The writing is poor, the supposed "humor" isn't funny, the over use of Larry's speech impediment was extremely annoying, the non-stop use of dialect writing was in very bad taste...everything is just over done and I have to wonder how this book every got the green light.

If I could find some brain Brillo being sold by Amazon I would have it sent to me over night so I could get the remnants of this book out of my head. This was the most painful book I have ever read (attempted to read). I'm ashamed to say that I would rather donate my kidney to Larry than finish this highly disturbing look at kidney transplants and the high handed ethics of a certain type of Ugly American.

While I did get this through Vine, my reasons for choosing this particular book are not the same as most people here who had read this because they had traveled to China. I have a friend on the 74,000 person waiting list for a kidney and has been on this list for many years; I had hoped to find some answers in this little book of horrors, some humor, maybe some empathy and a side trip for Larry to hook up. Sadly I was hood-winked.

Imagine my horror while reading this unethical never ending, torturous book that I had recommended that they stock this in the dialysis department's library? I hope to God they will forgive me.
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2 of 2 people found the following review helpful By Malcolm Broderick on August 24, 2010
Format: Hardcover
I liked it. There just aren't enough human interest stories available that intersect kidney disease, especially considering the prevalence of chronic kidney disease (CKD) and end-stage renal disease (ESRD) in the United States, so I welcomed a light-hearted romp through some very serious topics. However, the fact is that many Americans do resort to transplant tourism in an effort to save their own lives, so we do need to hear about these stories rather than stick our head in the sand.

You can certainly question Larry Feldman's (the author's semi-estranged cousin) ethics, but the author's ethics are more clearly stated at the back of the book under the heading of "Nice Clear Morals". To paraphrase, moral #1 is don't do what Larry did, avoid transplant tourism, and moral #2 is sign up as an organ donor (via the driver's license designation - go to Donate Life for more info). I can't argue with either of these morals, although I think it might have been good to add some of the statistics that clearly show that, on average, transplants from transplant tourism result in poorer outcomes versus transplants done in the United States. For instance, in China incidence of tuberculosis and hepatitis are much higher than in the United States and recipients have been documented to contract them from the donor through transplantation.

While I did have several chuckles, the Milwaukee Journal Sentinel's "side-splittingly funny" is a bit of a stretch. However, Rose does flesh out these colorful characters quite well. Their odd quirkiness kept me reading. The foreignness of China was palpable and made me think of the 80's movie After Hours with Griffin Dunn. Daniel Asa Rose is a good writer.
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More About the Author

UPDATE! "LARRY'S KIDNEY" has been listed as one of the TOP BOOKS OF THE YEAR by Publishers Weekly, and has been optioned to be a major motion picture. Since the summer, Daniel has appeared on NPR, CNN, The New York Times Op Ed Page, and over 35 radio programs. In addition, he has read from the book in Albuquerque, Boston, New York, Detroit, Denver, San Diego, San Francisco, Houston, Miami, Tampa, Portland (Oregon), Saint Louis, and Providence. Thanks to all who turned out!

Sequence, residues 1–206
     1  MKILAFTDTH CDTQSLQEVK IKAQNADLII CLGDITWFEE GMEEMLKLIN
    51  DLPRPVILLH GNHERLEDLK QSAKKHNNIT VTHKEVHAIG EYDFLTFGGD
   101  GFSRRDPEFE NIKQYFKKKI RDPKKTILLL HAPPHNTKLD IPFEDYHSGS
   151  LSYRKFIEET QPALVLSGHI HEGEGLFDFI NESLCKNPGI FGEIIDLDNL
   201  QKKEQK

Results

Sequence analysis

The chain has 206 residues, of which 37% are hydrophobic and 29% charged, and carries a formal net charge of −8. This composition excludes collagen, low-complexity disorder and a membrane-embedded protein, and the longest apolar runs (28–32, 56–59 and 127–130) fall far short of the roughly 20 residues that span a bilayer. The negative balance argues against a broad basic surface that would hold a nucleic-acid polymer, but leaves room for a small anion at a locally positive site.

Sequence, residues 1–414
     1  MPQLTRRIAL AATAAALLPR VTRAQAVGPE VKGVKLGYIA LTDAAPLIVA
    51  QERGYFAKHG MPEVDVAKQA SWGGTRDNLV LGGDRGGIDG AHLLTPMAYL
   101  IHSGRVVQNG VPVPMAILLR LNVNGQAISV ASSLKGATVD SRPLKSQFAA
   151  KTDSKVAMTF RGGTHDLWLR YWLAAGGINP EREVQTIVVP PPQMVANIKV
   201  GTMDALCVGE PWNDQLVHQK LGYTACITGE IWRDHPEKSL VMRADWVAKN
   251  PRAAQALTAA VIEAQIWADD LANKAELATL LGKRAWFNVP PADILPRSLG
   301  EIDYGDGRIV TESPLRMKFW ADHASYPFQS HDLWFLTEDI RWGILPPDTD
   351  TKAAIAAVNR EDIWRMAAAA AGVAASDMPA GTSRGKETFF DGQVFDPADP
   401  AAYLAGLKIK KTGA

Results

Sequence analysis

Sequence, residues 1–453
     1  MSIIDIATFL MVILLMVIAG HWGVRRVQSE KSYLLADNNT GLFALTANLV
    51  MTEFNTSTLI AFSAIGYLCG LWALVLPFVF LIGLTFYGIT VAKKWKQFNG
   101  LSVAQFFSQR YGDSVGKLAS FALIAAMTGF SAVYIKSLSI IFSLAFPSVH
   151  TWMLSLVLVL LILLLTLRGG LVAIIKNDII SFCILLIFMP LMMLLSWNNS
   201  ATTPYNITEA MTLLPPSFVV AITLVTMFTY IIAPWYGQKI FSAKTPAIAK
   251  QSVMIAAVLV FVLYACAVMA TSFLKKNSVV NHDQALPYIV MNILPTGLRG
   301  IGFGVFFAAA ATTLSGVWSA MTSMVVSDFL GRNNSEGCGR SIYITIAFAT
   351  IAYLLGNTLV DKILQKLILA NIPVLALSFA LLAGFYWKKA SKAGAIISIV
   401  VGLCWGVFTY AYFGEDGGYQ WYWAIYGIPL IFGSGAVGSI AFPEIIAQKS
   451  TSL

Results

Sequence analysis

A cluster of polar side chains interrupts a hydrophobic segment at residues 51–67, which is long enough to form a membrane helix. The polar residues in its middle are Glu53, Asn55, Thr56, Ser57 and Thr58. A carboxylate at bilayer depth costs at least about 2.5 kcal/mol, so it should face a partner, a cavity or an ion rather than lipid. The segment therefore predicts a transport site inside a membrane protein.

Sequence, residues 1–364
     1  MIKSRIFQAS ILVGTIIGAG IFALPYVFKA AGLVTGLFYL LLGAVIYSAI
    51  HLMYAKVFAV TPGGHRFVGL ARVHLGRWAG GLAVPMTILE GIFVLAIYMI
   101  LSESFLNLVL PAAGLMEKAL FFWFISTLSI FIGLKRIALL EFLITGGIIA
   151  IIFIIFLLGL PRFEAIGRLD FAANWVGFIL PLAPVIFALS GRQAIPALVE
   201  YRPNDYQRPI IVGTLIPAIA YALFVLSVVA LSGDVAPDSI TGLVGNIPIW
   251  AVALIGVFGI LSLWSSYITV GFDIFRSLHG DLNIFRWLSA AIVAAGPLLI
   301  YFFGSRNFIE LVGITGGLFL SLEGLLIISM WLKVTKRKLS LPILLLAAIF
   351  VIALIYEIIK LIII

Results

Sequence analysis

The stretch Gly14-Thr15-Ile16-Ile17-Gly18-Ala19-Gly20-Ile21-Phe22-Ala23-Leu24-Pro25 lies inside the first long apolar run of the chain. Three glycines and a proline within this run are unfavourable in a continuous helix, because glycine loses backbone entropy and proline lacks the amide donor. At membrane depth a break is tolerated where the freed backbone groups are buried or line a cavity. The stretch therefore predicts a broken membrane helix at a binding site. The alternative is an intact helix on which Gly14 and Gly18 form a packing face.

++++++

DANIEL ASA ROSE is the author, most recently, of the world's first (dark) comedy about medical tourism. "LARRY'S KIDNEY: Being the True Story of How I Found Myself in China With my Black Sheep Cousin and his Mail-Order Bride, Skirting the Law to Get Him a Transplant ... and Save His Life" (Morrow, ISBN 978-0061708701) is being called "a satisfying, hysterical page-turner that will captivate fans of travel writing and family narratives, with special interest for anyone who's helped a love one through serious illness" (Publishers Weekly starred review); "a side-splitting tour de force that will resonate with readers concerned about the plight of American patients who may be relegated for years to an organ transplant waiting list" (Library Journal); "skillful, funny, fascinating" (The New York Observer); and "one of the funniest, most touching and bizarre nonfiction books I've read. A remarkably talented writer and a great book" (Boston Globe).

An NEA Literary Fellow and father of four boys, Daniel was born in New York City and graduated from Brown University, which awarded him an honorary Phi Beta Kappa. His first short story was accepted by The New Yorker when he was 27 and he won an O. Henry Prize and two Pen Fiction Awards for the other stories in his first collection, "SMALL FAMILY WITH ROOSTER." His first novel, "FLIPPING FOR IT," a black comedy about divorce from the man's point of view, was a New York Times New and Noteworthy Paperback. In 2002 he published "HIDING PLACES: A Father and his Sons Retrace Their Family's Escape From the Holocaust" - a saga that intermingles a taut current-day search for the hiding places that saved his family in World War II with memories of the author's own hiding places growing up in WASP 1950s Connecticut - a book which earned starred reviews in both Publishers Weekly ("brilliant") and Kirkus ("remarkable"), as well as the New England Booksellers Discovery Award, a coveted place on the BookSense 76 List, and inclusion in "Best Jewish Writing 2003."

Currently an editor of the international literary magazine THE READING ROOM, he has served as arts & culture editor of the Forward newspaper, travel columnist for Esquire magazine, humor writer for GQ, essayist for The New York Times Magazine, book reviewer for The New York Observer and New York Magazine, and food critic for the past 20 pounds.